Winter Olympics: Yuzuru Hanyu makes figure skating history | Sports| German football and major international sports news | DW | 17.02.2018
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Winter Olympics: Yuzuru Hanyu makes figure skating history

A three-month layoff had cast doubts over Japanese skating star Hanyu's appearance at the Olympics. But the "Ice Prince" became the first man to win back-to-back Olympic gold medals in men's singles since 1952.

Defending champion Yuzuru Hanyu underlined his status as the greatest figure skater of his era after clinching gold in the men's singles on Saturday. Not since Dick Button in 1952 had a skater won back-to-back Olympic golds in the discipline.

"Just happy. I can't say anymore, just happy," Hanyu said through his ever-present smile. "I just did my best today. I don't know if this is the best of my skating life, but I can say from my heart that I skated my best today."

His 2014 victory in Sochi made him a cult figure in Japan, with an army of fans following him wherever he goes and showering him with Winnie the Pooh soft toys.

Read more:Winter Olympics: Day 8 Live 

Helpers have to clear the ice of the Winne the Pooh toys thrown to Hanyu

Helpers have to clear the ice of the Winne the Pooh toys thrown to Hanyu

His supporters were out in force in Pyeongchang and Hanyu did not disappoint. It was not a flawless performance, one combination jump in particular almost tripped him up. His free skate routine was a joy to watch however, and gave him a combined score of 317.85 to give him a cushion of almost 11 points over his Japanese compatriot Shoma Uno (306.90) and six-time European champion Javier Fernandez (305.24).

The podium after the event

Hanyu's victory completed a Japanese one-two, with Shoma Uno taking silver

"I know I didn't do the perfect programme but I was satisfied with what I did and it got me an Olympic medal," Fernandez admitted. "I've been dreaming about it and it's been a big goal for me. I knew it was going to be my last Olympics so it's true that I was a little bit more nervous than on Friday."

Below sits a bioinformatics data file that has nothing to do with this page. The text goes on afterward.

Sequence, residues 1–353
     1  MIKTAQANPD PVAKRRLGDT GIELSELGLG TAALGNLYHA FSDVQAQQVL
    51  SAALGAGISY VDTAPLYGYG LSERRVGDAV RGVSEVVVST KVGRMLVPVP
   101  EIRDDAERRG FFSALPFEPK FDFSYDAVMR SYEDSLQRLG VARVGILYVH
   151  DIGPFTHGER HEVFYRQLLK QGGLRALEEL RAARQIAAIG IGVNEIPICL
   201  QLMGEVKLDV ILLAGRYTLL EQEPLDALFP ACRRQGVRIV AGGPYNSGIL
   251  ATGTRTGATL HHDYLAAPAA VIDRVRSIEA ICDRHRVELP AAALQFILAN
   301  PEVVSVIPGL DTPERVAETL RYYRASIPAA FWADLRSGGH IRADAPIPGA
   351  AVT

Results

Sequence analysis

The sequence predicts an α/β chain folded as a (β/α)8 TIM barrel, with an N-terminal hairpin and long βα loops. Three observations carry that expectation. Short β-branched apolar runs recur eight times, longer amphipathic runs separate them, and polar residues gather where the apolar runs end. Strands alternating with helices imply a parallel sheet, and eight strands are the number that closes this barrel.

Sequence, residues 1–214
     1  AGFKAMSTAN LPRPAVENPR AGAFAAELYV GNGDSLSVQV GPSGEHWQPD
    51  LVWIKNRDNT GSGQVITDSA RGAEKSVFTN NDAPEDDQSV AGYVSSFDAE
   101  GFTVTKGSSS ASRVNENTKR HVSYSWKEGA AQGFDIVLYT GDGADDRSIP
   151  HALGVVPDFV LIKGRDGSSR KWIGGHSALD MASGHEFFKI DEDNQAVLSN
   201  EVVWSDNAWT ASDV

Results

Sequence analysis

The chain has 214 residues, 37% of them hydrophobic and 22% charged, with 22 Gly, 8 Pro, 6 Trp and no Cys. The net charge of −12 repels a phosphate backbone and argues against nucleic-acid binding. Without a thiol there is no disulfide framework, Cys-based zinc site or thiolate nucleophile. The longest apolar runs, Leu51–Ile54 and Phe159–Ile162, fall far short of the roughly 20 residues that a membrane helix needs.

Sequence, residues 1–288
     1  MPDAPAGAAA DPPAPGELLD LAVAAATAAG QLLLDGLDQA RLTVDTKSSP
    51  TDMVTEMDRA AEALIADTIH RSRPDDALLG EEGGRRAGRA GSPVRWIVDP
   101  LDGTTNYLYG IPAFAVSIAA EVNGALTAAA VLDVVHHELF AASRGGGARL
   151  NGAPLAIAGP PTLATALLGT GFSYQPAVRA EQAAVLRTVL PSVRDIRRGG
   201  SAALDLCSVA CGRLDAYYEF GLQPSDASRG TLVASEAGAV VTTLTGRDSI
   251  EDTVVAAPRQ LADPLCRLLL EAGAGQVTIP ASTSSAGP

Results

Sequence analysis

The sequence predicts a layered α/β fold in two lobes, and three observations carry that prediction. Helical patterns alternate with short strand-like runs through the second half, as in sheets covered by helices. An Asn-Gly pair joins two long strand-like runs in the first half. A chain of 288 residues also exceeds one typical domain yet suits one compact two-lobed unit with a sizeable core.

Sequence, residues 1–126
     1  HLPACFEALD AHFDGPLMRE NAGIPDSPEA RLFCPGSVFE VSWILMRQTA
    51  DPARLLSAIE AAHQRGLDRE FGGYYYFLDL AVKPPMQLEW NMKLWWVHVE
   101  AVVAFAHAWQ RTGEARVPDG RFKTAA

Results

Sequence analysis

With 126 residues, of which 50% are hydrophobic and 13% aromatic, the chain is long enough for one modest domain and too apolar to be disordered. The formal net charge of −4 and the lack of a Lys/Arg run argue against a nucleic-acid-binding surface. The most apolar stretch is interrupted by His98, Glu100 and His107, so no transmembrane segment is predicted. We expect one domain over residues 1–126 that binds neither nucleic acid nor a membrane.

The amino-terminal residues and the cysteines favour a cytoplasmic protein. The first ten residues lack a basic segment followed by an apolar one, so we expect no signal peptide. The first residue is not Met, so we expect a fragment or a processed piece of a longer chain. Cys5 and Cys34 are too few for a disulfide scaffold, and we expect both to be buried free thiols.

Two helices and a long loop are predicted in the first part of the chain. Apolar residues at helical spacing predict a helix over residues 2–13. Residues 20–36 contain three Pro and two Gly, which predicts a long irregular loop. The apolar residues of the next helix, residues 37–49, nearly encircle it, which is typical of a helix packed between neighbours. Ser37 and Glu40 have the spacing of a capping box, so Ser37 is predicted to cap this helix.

That skate on the previous day's short program was Hanyu's first in over three months. A knee injury had kept him out of training and cast doubts he would even be able to take part in the Games.

"I worried a lot of people as I could not practise because of my injury. So there was stronger support than before," he told Japanese broadcaster NHK. "I was so fortunate. I'm feeling gratitude. I was able to make a jump that I wanted to do with concentration."

Read more: Winter Olympics: Ester Ledecka delivers one of the all-time Olympic upsets

Hanyu was almost upstaged by 18-year-old US skater Nathan Chen. The teenager pulled off a sixth quad and the loop to set an Olympic free skate record of 215.08 points. His poor performance the day before, however, left Chan in fifth overall.

The plaudits went to the Japanese in the end, marking the culmination of an incredible journey from having to flee an ice-rink in the earthquake of 2011, to the highs of gold in 2014 and the lows of his recent injury crisis.

Not only did Hanyu secure the first consecutive men's singles figure skating golds in six decades, his was the 1,000th gold medal awarded in Winter Olympics history.

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